Kona : Adventures in Disneyland with Super Grannies
|One of the Bill Boards on Ali'i Drive on the History of the Race|
|Anna , Carrie , Dave Scott , myself and Mark Allen at the Legacy Reception|
The race is done . Finished in 14.59 and probably my slowest bike time ever .Not the fastest and certainly not my best but I finished and more importantly I enjoyed the experience. The build to Ironman had been difficult with the cold and wet winter and the flu but I think overall I had as good a prep but the legs were just not as battled hardened for the tough conditions of Kona and I knew that. After 14 races the spirit to put in the volume needed particularly in winter was hard and my motivation despite it being Kona a little thin. I am glad I had no expectation for a target time .It would have been deeply disappointing otherwise and with only one chance it was far better to go out and enjoy the event as best I could and remain relaxed and focused on just competing and finishing. Actually Kona surprisingly was one of the most relaxed races I ever had .I actually slept well the night before the race and despite some soreness I felt pretty good the day after which probably had more to do with the fact that I did not really push as hard.
What I take with me are good memories of the race and the taper week and Hawaii. I arrived with my wife and son on the 25 September a good 13 days before the race with the intention of acclimatizing to the heat and humidity.The first 6 days were spent in Honolulu and I ran or swam everyday and felt a lot better at the end of the week in the heat.
The week before the race was spent in Kona and it being my first trip to Kona I got down to Alii drive and had a good run around the town on the first day. I actually did a 16 km run ..On Sunday I rode the great Queen K or at least past the airport and back .There was wind but nothing I could not handle. The legs felt good. There were lots of athletes riding the Queen K and they were all fast. For the week I enjoyed the Expo , the 2XU talk with Anja Beranek, Craig Alexander and Terrence Bozzone imparting words of wisdom about racing Kona. As a legacy participant it really didn't matter but one piece of advice was simply as a first timer don't have any expectations. Kona is tough. Attending the Legacy reception and pictures with Mark Allen, Dave Scott and Julie Moss the highlight .
As it turns out the weather was not as bad but I found the winds hard and my legs were pretty dead for the bike . My output through the bike leg was pretty low and whilst it was windy I think I just did not perform as well as I would have expected . I did take a lot more salt directly and in the nutrition and had no issues of cramping and no gut issues fortunately.I found the climb to Hawi difficult even though it was not steep but more rolling and whilst there were gusts of winds they were manageable.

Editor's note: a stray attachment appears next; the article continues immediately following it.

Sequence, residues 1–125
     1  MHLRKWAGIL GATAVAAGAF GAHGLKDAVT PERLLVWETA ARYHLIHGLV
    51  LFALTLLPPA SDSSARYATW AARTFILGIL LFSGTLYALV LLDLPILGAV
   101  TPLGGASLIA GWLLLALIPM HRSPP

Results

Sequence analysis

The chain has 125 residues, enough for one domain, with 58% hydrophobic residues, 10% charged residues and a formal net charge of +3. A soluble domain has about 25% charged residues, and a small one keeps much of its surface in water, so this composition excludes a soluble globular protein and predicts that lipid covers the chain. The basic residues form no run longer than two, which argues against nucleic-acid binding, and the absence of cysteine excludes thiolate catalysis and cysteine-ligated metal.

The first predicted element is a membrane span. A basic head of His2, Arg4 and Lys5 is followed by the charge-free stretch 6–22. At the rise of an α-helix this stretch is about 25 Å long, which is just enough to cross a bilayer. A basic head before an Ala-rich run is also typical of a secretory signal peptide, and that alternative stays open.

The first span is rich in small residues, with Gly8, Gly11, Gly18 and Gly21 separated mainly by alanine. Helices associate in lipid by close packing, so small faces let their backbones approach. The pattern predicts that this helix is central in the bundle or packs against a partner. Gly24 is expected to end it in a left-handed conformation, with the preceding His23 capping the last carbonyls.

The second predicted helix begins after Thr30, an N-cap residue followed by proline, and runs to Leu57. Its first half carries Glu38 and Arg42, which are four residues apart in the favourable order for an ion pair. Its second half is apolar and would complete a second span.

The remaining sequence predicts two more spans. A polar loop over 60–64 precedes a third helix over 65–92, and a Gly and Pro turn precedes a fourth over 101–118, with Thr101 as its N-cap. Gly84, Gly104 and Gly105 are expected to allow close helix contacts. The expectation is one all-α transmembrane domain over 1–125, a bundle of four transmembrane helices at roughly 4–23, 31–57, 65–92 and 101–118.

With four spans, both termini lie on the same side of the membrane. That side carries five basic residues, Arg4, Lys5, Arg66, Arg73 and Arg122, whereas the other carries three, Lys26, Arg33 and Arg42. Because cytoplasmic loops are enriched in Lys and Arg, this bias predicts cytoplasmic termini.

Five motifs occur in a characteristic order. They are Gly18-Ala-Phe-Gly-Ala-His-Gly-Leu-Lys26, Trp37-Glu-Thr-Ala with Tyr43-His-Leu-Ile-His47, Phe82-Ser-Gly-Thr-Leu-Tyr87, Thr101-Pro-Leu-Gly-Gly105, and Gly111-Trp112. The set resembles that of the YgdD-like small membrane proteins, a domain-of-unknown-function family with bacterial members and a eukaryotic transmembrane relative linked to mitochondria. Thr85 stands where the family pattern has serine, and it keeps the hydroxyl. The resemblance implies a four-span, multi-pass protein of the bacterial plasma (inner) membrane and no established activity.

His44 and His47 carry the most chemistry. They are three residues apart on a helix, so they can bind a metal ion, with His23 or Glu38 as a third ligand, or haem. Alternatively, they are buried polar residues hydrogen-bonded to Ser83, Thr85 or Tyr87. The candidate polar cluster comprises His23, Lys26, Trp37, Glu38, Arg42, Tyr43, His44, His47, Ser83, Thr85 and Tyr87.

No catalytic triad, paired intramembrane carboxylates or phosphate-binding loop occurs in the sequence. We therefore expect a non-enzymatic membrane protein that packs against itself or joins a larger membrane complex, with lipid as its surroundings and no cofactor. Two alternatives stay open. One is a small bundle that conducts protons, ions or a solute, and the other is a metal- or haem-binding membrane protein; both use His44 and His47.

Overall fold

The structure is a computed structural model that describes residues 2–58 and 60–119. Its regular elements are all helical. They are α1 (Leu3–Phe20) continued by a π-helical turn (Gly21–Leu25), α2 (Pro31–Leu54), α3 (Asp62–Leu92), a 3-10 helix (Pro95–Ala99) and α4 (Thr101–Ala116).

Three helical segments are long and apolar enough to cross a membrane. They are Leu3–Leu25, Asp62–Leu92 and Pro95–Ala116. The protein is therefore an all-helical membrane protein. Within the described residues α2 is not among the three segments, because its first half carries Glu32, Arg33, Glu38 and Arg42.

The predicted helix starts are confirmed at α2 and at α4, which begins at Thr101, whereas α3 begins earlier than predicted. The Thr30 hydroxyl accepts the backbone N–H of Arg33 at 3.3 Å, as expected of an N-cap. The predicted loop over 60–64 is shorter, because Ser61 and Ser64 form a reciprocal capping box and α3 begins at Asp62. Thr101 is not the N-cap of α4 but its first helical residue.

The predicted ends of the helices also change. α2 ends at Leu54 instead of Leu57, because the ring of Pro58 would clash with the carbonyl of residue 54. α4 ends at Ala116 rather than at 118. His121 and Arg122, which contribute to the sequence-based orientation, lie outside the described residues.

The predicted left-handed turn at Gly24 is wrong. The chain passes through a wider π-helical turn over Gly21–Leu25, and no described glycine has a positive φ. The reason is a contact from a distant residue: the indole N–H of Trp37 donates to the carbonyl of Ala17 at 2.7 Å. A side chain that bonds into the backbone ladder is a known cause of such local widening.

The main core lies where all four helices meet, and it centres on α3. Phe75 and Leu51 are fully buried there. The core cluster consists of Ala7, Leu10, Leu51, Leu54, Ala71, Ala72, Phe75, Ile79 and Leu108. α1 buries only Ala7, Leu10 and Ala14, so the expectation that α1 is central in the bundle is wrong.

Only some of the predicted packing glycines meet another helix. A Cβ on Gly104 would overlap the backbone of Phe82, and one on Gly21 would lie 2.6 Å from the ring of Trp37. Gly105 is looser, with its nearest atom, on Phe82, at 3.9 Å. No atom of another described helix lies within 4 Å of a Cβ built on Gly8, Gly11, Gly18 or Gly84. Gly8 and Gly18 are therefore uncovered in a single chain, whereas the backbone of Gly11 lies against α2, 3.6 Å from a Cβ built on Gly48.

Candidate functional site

The return was just as hard and made tolerable with the beauty of the course , the black lava fields and the green layered mountain with the peak hidden by clouds and on the other side the ocean with the white tops as the wind blew . I was passed by loads of riders and many much older participants but it being a world championship and there is no shame in that.
The great memories will be the swim course and the stretch starting from the pier out to the bay .The water wasn't crystal clear but there were lots of fish and the water was warm . The fast sleek bodies torpedoing past me , the coffee from the coffee boat anchored on the swim course and the hundreds of triathletes parading each morning around the town , Alii drive and Digme Beach of course.
I will remember the long queues for body marking , getting into the water and taking the time to look around me before the start. It was a race where I strangely had no nerves. I started from the left and managed to find feet quickly .the odds were that anyone I stuck to was faster than me and after about 800m I jumped on to another swimmers feet and remained with that swimmer till the end .After about 300 to 500 meters after the turnaround the lead age group women passed us and I came out of the swim at 1.24 hr which was a great swim for me .